By: Edgar Thurston (1855-1935)
Omens and Superstitions of Southern India
This book deals mainly with some aspects of what may be termed the psychical life of the inhabitants of the Madras Presidency, and the Native States of Travancore and Cochin.
By: Edith B. Lowry (1878-1945)
|Herself Talks with Women Concerning Themselves|
By: Edith B. Ordway (1877-)
|The Etiquette of To-day|
By: Edmund Gosse (1849-1928)
|Three French Moralists and The Gallantry of France|
By: Edna Lyall (1857-1903)
The Autobiography of a Slander
The Autobiography of a Slander exposes the consequences of reckless words or, even worse, intentionally disparaging words. In this moral tale, told from the point of view of "the slander", Edna Lyall (pseudonym used by Ada Ellen Bayley) reveals her ideals and goals in life and relationships.
By: Edouard Louis Emmanuel Julien Le Roy (1870-1954)
|A New Philosophy: Henri Bergson|
By: Edward George Bulwer-Lytton (1803-1873)
Zanoni, a timeless Rosicrucian brother, cannot fall in love without losing his power of immortality; but he does fall in love with Viola Pisani, a promising young opera singer from Naples, the daughter of Pisani, a misunderstood Italian violinist. An English gentleman named Glyndon loves Viola as well, but is indecisive about proposing marriage, and then renounces his love in order to pursue occult study. The story develops in the days of the French Revolution in 1789. Zanoni has lived since the Chaldean civilization...
By: Edward Grey Grey of Fallodon (1862-1933)
|Recreation by Viscount Grey of Fallodon, K.G.|
By: Elbert Hubbard (1856-1915)
|A Message to Garcia Being a Preachment|
By: Emperor of Rome Marcus Aurelius (121-180)
|Thoughts of Marcus Aurelius|
By: Epictetus (c.55-135)
The Golden Sayings of Epictetus
Aphorisms from the Stoic Greek.
By: F. Max Müller (1823-1900)
|The Silesian Horseherd - Questions of the Hour|
By: Father Vincent de Paul (1768-1853)
|Memoir of Fr. Vincent De Paul; religious of La Trappe|
By: Felix Adler (1851-1933)
|The Essentials of Spirituality|
By: Frances Hodgson Burnett
The Secret Garden
One of the most delightful and enduring classics of children's literature, The Secret Garden by Victorian author Frances Hodgson Burnett has remained a firm favorite with children the world over ever since it made its first appearance. Initially published as a serial story in 1910 in The American Magazine, it was brought out in novel form in 1911. The plot centers round Mary Lennox, a young English girl who returns to England from India, having suffered the immense trauma by losing both her parents in a cholera epidemic...
The Dawn of a To-morrow
A wealthy London business man takes a room in a poor part of the city. He is depressed and has decided to take his life by going the next day to purchase a hand gun he had seen in a pawnshop window. The morning comes with one of those 'memorable fogs' and the adventure he has in it alters his decisions and ultimately his life.
By: Francis Bacon (1561-1626)
|The Advancement of Learning|
|Valerius Terminus; of the interpretation of nature|
By: Francis Ellingwood Abbot (1836-1903)
|A Public Appeal for Redress to the Corporation and Overseers of Harvard University Professor Royce's Libel|
By: Frank B. Anderson (1863-1935)
|Morals in Trade and Commerce|
By: Frank Crane (1861-1928)
By: Frederic W. Farrar (1831-1903)
|Seekers after God|
By: Frederick James Furnivall (1825-1910)
|Early English Meals and Manners|
By: Friedrich Engels (1820-1895)
|Feuerbach: The roots of the socialist philosophy|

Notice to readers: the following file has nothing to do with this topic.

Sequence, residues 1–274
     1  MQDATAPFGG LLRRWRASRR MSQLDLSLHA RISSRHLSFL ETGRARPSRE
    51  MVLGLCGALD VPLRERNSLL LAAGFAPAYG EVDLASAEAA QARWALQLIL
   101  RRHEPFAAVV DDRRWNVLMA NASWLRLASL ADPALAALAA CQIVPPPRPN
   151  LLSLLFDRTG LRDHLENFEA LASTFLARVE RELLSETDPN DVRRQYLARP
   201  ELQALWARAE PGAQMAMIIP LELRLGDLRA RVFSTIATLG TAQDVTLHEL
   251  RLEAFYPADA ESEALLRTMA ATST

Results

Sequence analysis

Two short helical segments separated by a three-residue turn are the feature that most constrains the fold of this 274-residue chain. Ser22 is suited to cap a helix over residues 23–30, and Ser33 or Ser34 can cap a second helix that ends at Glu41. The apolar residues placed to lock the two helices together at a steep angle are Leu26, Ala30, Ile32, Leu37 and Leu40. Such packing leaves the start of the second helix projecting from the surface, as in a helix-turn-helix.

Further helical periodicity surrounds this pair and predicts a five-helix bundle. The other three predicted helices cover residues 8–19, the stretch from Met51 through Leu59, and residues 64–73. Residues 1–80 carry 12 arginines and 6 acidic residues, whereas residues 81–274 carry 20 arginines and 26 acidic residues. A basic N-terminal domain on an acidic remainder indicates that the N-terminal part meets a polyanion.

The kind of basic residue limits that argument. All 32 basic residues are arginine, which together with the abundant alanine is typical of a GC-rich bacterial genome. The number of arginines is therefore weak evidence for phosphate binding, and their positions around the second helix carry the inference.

By: Friedrich Nietzsche (1844-1900)
Beyond Good and Evil
Beyond Good and Evil, by Friedrich Nietzsche A searing indictment of concepts like “truth” and “language” Beyond Good and Evil, by Friedrich Nietzsche is a deeply thought provoking book that forms one of the keystones of modern thought and politics. In this book, Nietzsche takes the position that our subservience to fixed perspectives that are forced on us by our language and our ideals make us incapable of perceiving reality. He propounds the theory that ideals are not fixed but change over time, often dramatically, and end up becoming the exact opposite of what they originally were...
Save for his raucous, rhapsodical autobiography, Ecce Homo, The Antichrist is the last thing that Nietzsche ever wrote, and so it may be accepted as a statement of some of his most salient ideas in their final form. Of all Nietzsche’s books, The Antichrist comes nearest to conventionality in form. It presents a connected argument with very few interludes, and has a beginning, a middle and an end.
Thus Spake Zarathustra: A Book for All and None
Friedrich Wilhelm Nietzsche (1844–1900) was a nineteenth-century German philosopher. He wrote critical texts on religion, morality, contemporary culture, philosophy and science, using a distinctive German language style and displaying a fondness for aphorism. Nietzsche’s influence remains substantial within and beyond philosophy, notably in existentialism and postmodernism. Thus Spake Zarathustra is a work composed in four parts between 1883 and 1885. Much of the work deals with ideas such as the “eternal recurrence of the same”, the parable on the “death of God”, and the “prophecy” of the Overman, which were first introduced in The Gay Science...
Case of Wagner / Nietzsche Contra Wagner / Selected Aphorisms
A collection of three of Nietzsche's writings concerning the music of Wagner. In particular, he relates Wagner's music as degenerate, unrefined and unintelligent and relates it to a gradually degenerating German culture and society. The translator provides a detailed introduction.
By: Friedrich Schiller (1759-1805)
|Philosophical Letters of Frederich Schiller|
By: Friedrich Wilhelm Nietzsche (1844-1900)
|Homer and Classical Philology|
|We Philologists Complete Works of Friedrich Nietzsche, Volume 8|
|Thoughts out of Season Part I|